(Edward L. Ochsenschlager) Iraq's Marsh Arabs in the Garden of Eden

This is a brilliant book. Ochsenschlager was engaged in an important archaeological project in Iraq, starting in 1968. The site was the Sumerian city of Lagash. Puzzled by some unglamorous, but intriguing artifacts, he started looking for analogies among the local people to interpret them. The local people included Bedouin tribes, the agricultural Beni Hasan, and the famous Mi'dan [Marsh Arabs] who lived in the reed-filled swamps at the conjunction of the Tigris and Euphrates. All these people (in 1968, at any rate) lived material lives thought to very closely resemble that of the ancient inhabitants of the land when it was Edinu, the Biblical Eden (hence the book's title). Thus, the author was drawn into the peculiar discipline of "ethnoarchaeology", in which most archaeologist still feel uncomfortable. Archaeologists are comfortable with places and objects. They aren't anthropologists. When they try to be, even in the laudable quest to understand ancient artifacts, they can easily screw up. Ochlenschlager is unusually sensitive to the pitfalls. ...

Ochlenschlager examined the making, use, and transformations of every article he could find --- weapons, storage containers, cookware, boats, musical instruments, children's toys. This could only be done in a serious way over many years, with extreme sensitivity in dealing with people, earning their trust and overcoming the perils of misdirection and misinterpretation. None of this is easy, and he shows exactly how it can be done right, or badly. Almost anyone who reads historical or archaeological interpretations of material evidence should read this book.

Some of the most delightful parts concern children's toys, and they reveal one of the marvelous subtleties of human behaviour to which most historians are oblivious:

In 1968 children in the villages over the age of 3 or 4 always made their own toys out of mud. Abandoned mud toys could be found everywhere in village courtyards, alongside the canals and marshes, and even in the fields. Unfortunately, domestic toy making disappeared rapidly. Manufactured plastic toys, available in nearby market towns, gradually replaced them. By 1970 a wide variety of cheap plastic toys was available to those of every economic level. Most children were attracted to these plastic toys because of their bright colors and their relative durability. At first children would continue to make toys that were not available in the market out of mud, but that came to an abrupt end in 1972. So popular had the new plastic toys become that most villagers could find no reason to continue using mud toys short of lack of money. Indeed cheapness came to be thought the sole criteria for continuing to make toys out of mud, and this impacted that part of the father's honor which depends on his ability to provide adequately for his family. To make a mud toy under these conditions was to bring dishonor on the family.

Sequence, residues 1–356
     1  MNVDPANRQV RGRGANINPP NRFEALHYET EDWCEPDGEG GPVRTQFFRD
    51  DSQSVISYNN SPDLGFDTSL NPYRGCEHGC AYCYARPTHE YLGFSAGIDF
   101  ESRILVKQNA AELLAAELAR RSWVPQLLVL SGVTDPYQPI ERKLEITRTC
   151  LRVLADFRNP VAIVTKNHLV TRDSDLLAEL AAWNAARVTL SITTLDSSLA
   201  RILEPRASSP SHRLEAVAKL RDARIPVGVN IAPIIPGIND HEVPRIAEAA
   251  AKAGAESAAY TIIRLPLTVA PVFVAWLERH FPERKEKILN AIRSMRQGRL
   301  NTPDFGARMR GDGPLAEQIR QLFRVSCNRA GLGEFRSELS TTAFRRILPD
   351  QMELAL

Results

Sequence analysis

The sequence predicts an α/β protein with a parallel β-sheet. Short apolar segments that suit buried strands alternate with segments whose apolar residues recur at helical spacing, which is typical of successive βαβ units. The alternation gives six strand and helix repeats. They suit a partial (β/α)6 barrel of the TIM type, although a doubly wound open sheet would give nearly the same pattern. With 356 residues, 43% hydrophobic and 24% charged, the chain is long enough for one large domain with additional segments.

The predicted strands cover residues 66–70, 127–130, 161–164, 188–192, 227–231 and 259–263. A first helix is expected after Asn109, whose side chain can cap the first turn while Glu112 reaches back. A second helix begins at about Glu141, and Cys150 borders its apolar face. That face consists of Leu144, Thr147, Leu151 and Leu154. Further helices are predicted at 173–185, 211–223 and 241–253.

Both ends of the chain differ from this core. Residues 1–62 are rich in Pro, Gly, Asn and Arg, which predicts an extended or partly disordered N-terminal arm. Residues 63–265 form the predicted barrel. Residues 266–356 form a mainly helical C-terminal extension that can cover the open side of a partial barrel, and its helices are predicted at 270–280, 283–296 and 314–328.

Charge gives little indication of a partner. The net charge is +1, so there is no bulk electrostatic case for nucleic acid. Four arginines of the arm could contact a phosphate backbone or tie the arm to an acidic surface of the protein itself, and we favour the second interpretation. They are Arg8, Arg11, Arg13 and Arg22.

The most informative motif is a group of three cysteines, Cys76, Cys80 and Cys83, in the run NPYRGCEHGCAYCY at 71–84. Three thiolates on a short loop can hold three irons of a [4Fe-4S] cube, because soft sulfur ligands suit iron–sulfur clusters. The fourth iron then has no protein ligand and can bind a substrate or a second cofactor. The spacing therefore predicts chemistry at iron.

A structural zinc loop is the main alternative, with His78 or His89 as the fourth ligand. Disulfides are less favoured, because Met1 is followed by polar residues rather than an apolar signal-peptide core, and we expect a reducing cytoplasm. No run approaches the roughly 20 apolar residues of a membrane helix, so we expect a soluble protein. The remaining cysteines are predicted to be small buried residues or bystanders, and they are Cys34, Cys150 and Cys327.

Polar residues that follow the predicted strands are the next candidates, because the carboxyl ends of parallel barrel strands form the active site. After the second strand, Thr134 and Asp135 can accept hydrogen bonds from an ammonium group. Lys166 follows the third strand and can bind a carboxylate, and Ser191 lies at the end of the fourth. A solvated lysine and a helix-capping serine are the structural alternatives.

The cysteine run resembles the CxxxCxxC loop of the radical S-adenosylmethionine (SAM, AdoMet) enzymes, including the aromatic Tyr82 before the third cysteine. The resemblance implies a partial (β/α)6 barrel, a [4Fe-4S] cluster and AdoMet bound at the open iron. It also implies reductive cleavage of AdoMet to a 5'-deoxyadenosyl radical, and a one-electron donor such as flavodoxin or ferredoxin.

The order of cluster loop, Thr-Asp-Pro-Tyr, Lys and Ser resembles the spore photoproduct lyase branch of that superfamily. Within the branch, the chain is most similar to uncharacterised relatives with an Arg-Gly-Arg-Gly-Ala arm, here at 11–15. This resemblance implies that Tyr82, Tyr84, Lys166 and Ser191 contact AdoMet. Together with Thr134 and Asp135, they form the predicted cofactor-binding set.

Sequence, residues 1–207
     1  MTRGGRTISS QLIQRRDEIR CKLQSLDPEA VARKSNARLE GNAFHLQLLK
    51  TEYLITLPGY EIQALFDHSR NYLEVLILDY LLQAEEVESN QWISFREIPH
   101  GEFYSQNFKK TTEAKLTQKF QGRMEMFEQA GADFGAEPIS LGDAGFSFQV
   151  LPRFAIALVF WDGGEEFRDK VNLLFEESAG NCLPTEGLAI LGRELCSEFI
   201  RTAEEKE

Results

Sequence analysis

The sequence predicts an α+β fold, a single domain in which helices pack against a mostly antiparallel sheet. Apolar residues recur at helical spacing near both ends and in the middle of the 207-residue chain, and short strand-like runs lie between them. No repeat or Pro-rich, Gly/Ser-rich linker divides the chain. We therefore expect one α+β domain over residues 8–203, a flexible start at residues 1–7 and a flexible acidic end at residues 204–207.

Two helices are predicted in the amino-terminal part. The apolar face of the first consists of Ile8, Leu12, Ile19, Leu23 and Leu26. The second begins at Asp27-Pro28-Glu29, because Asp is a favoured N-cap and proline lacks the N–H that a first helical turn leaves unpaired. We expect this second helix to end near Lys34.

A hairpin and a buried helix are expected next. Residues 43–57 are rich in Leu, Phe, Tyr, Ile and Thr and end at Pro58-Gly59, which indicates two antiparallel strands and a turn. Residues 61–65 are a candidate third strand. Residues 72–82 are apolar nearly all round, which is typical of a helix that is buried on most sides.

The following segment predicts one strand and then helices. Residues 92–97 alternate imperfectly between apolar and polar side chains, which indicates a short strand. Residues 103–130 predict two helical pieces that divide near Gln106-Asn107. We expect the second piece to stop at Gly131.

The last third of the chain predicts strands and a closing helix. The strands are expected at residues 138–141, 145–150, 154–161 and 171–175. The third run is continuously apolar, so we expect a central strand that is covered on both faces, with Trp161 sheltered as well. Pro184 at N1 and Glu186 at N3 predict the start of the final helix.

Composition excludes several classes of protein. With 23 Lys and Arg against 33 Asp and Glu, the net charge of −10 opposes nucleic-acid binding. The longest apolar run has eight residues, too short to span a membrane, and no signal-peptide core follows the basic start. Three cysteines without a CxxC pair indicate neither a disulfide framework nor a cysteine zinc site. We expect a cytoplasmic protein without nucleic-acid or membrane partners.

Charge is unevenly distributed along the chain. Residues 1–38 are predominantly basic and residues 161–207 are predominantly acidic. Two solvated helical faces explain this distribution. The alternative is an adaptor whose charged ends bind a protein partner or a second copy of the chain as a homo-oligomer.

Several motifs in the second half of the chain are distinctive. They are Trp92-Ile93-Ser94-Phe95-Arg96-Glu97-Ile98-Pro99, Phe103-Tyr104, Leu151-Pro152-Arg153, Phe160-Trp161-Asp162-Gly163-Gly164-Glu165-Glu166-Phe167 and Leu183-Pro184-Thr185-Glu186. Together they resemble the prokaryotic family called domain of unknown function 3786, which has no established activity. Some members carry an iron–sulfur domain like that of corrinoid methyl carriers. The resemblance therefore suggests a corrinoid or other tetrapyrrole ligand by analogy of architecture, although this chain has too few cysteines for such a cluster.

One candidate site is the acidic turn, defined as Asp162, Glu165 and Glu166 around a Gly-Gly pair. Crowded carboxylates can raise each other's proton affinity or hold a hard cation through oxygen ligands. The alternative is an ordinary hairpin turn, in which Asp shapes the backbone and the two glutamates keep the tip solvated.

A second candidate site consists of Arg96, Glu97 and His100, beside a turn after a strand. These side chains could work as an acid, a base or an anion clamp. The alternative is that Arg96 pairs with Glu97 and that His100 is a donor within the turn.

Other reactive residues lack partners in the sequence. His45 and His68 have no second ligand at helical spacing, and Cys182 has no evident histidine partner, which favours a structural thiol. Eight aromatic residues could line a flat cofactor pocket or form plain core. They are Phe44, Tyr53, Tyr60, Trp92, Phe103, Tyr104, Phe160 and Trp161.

Without some knowledge of the role of honor and its requirement that men provide strong financial support to their families in these villages, what reasons would archaeologists give for the sudden and complete disappearance of mud toys? Bold colors and increased durability seem the most reasonable, and in part logical, answers, as the villagers found these attributes attractive at first. But logic alone does not begin to explain why old forms disappeared completely and with such speed; the compelling power of color and durability must not be overestimated. The children themselves were a real problem. When they had only the few animal forms sold in the suk to play with, they sometimes had to be forcibly stopped from making additional toys of mud. They missed the freedom of making any toys they could imagine and playing any game they wished. The kind and number of toys available now limited their games. Attractive colors and durability may have given impetus for the change, but it was the challenge to family honor that made parents forbid their children to make mud toys.

It takes a remarkable person to make such an observation. This book is full of such things.They'll inspire an acute reader to understand not only the culture of the marshes, and the artifacts of the ancient civilization of Lagash, but also many puzzling aspects of human life in general.

Plenty more stuff where that came from!

Image: A Marsh Arab settlement.

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Monday, June 15, 2009

In Italy first book (1991; reprinted 2006) is quite expensive!

The Fifth-Century Chroniclers: Prosper, Hydatius, and the Gallic Chronicler of 452
di Steven Muhlberger - Francis Cairns Publications - November 2006
Prezzo: € 113.07
Disponibilità: Normalmente disponibile in 25/30 giorni lavorativi

Questo libro potrebbe essere di difficile reperibilità presso i nostri fornitori

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Friday, June 12, 2009

More on today's presidential election in Iran

Juan Cole directed me to this Al Jazeera/YouTube video on Iranian-Americans (and Iranian students in the USA) voting in the Iranian election: